In simple words, we use this type of subquery after the statement WHERE or FROM and this opens up huge opportunities for us to filter a huge array of data.
For example, we can find out employees whose salary is higher than the average, as at the very beginning of our article, or calculate what is the biggest difference between salaries, that is, which employees have the largest delta:
SELECT MAX(salary_delta) AS largest_salary_delta FROM ( SELECT MAX(salary) - MIN(salary) AS salary_delta FROM employees GROUP BY id ) subquery;
In this query, we first calculate the difference of all charges (we read the query from the subquery, as I recommended), and then from all the differences we select the maximum.
I will give another query example, but this time we will build a subquery after the keyword WHERE.
SELECT name, AVG(salary) WHERE (SELECT COUNT(name) FROM employees) > 1 FROM employees;
So, the entire query will return the names of all employees and their average salary, but only if there is more than one employee in the "employees" table. I'll explain in as much detail as possible:
SELECT name, AVG(salary)
This part of the code specifies the columns to be selected in the query result. It selects the "name" column and the average salary of all employees.
WHERE (SELECT COUNT(name) FROM employees) > 1
This is a WHERE condition that checks if the number of employees in the "employees" table is greater than one. It does this by using a subquery that counts the number of rows in the "employees" table. This condition is used to ensure that the AVG function is not called when there is only one employee in the table, which would result in a division by zero error.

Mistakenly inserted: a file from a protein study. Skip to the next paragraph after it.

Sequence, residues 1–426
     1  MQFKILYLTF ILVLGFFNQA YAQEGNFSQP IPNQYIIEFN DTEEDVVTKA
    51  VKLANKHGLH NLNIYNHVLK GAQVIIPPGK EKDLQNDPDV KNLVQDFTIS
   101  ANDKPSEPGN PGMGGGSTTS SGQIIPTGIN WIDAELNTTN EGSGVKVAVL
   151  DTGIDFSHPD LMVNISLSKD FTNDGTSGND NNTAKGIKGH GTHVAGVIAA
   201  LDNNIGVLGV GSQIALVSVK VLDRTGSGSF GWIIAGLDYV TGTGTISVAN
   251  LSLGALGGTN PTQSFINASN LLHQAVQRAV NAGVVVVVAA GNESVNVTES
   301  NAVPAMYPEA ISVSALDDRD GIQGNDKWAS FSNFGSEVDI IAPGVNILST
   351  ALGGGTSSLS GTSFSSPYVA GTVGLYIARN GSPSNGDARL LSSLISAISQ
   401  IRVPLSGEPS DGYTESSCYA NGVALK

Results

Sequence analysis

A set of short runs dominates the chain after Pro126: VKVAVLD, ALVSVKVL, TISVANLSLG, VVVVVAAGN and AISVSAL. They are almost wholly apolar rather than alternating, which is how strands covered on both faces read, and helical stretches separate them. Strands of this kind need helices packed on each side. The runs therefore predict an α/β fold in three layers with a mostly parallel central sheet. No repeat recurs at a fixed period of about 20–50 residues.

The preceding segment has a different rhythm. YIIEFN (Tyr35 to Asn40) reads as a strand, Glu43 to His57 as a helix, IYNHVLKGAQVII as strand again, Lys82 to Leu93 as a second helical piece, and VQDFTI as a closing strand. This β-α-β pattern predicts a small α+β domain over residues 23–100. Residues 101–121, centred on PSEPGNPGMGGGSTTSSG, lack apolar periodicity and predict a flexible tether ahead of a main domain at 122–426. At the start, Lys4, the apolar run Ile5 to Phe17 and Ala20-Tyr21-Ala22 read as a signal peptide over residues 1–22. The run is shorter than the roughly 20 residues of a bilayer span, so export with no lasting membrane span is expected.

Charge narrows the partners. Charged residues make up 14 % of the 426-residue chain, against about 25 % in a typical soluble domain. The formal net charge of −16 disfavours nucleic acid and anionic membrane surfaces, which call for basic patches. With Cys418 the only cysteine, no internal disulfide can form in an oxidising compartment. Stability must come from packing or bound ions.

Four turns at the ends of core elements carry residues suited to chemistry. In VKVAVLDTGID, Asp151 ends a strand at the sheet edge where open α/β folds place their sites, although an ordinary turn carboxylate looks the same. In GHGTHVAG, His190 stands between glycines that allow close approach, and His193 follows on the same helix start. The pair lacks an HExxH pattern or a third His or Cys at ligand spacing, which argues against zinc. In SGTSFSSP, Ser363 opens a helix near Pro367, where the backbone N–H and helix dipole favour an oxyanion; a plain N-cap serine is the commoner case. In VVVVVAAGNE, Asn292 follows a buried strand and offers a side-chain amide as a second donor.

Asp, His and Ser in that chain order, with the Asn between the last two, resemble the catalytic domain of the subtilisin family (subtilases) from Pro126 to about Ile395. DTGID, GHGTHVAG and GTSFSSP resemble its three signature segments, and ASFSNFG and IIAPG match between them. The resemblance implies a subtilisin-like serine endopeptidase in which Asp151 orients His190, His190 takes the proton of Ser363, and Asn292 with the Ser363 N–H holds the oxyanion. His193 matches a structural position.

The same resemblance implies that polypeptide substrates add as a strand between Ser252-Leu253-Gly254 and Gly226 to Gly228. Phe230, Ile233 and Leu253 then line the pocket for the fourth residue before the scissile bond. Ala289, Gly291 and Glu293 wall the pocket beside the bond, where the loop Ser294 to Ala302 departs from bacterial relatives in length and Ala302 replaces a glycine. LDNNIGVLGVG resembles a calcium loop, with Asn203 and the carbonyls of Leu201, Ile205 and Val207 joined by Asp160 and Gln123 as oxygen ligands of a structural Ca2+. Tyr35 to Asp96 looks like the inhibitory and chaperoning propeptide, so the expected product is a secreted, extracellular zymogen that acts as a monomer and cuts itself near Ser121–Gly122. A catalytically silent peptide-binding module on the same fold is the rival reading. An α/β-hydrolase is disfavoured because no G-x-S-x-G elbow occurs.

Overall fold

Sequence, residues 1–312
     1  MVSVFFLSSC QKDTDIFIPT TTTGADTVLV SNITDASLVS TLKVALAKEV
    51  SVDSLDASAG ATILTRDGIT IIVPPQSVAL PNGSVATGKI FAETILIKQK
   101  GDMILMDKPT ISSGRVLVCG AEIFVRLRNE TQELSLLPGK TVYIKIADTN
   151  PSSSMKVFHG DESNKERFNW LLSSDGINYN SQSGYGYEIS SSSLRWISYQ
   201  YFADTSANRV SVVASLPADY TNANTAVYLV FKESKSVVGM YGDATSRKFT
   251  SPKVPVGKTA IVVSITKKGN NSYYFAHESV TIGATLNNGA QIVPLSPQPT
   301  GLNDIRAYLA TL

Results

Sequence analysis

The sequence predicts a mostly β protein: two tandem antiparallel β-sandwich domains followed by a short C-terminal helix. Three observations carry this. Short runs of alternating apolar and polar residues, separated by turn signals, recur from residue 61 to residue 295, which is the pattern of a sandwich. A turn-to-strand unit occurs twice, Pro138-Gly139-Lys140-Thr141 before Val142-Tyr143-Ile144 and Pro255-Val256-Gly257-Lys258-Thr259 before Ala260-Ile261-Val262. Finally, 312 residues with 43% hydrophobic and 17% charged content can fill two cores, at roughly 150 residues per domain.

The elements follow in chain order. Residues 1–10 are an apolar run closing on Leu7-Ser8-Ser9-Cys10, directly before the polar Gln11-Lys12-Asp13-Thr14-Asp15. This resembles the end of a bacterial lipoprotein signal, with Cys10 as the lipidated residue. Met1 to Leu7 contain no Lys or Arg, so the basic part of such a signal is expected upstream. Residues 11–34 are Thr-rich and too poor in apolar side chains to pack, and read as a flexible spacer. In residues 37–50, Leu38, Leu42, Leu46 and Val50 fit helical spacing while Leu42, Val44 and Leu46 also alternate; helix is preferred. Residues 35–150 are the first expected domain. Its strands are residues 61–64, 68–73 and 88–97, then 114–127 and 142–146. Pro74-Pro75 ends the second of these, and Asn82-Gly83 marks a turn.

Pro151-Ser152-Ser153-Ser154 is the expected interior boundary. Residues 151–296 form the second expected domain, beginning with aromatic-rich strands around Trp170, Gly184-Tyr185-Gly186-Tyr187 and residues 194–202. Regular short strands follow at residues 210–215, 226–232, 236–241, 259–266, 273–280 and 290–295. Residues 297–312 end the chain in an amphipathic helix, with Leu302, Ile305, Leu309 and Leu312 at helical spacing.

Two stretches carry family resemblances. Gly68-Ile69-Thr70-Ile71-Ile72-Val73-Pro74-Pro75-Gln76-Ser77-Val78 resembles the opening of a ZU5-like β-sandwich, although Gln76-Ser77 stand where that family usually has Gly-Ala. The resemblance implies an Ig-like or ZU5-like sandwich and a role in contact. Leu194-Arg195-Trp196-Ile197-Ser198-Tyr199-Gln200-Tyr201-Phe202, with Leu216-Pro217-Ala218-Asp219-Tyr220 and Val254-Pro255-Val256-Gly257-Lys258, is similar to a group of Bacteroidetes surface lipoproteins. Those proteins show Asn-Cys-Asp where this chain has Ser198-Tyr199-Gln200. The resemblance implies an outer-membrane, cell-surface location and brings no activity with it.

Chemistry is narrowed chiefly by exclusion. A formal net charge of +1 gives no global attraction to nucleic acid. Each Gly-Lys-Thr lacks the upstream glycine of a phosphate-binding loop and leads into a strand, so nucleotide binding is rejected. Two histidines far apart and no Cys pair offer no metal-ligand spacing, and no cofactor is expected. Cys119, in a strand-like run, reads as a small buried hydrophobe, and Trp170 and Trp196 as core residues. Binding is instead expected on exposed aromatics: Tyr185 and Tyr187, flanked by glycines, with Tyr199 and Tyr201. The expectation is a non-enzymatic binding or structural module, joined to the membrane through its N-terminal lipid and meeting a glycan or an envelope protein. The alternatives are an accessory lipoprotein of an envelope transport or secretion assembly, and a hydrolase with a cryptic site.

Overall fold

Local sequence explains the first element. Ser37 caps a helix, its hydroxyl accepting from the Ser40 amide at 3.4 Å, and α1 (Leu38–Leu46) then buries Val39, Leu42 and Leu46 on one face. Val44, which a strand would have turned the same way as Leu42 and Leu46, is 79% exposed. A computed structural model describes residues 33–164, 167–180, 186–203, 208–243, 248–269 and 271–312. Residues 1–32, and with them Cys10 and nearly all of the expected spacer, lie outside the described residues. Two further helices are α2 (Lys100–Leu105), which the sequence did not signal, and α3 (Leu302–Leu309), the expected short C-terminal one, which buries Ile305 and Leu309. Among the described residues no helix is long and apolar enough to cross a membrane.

This specifies the table from which the data is being selected. In this case, it is the "employees" table.
Feel free to understand the code, even if everyone says that it is very simple. Ask someone who is busy or, if you are still embarrassed to seem dull (which I do not advise you), seek help from AI, who will explain any code to you in great detail and clearly (but there may be errors, understand this).
You know that I love explaining technical stuff with the Euler diagram. Now, as another example, I will try to convey the received material to you visually, through these very diagrams.
Imagine we have two sets. In one set, there are numbers that are a multiple of three, that is, they are divisible by 3 without a remainder, and in the other set, there are numbers that are a multiple of 5, that is, they are divisible by 5 without a remainder. It is logical to assume that the intersection of these sets will be numbers that are multiples of both 5 and 3, that is, 15, 30, 45, and so on, as shown in my figure:
Subqueries - Euler Diagrams
This problem can be easily solved using subqueries.
SELECT * FROM B WHERE (SELECT * FROM A WHERE number%5==0);
It is a SQL query that selects all columns and rows from table B, where the result of a subquery is true. This subquery selects all columns and rows from table A where the value in the "number" column is divisible by 5 without any remainder. The main query then filters the results from table B based on the result of the subquery. Specifically, only rows from table B are returned where the subquery returns one or more rows.
I really hope that my explanation seemed to you much clearer than most on the net. First of all, I tried to explain to you the logic and principle by which subqueries are built, and not the syntax itself - you can see this for yourself. I always adhere to the idea - first understand the logic, and then write with your hands. Good luck!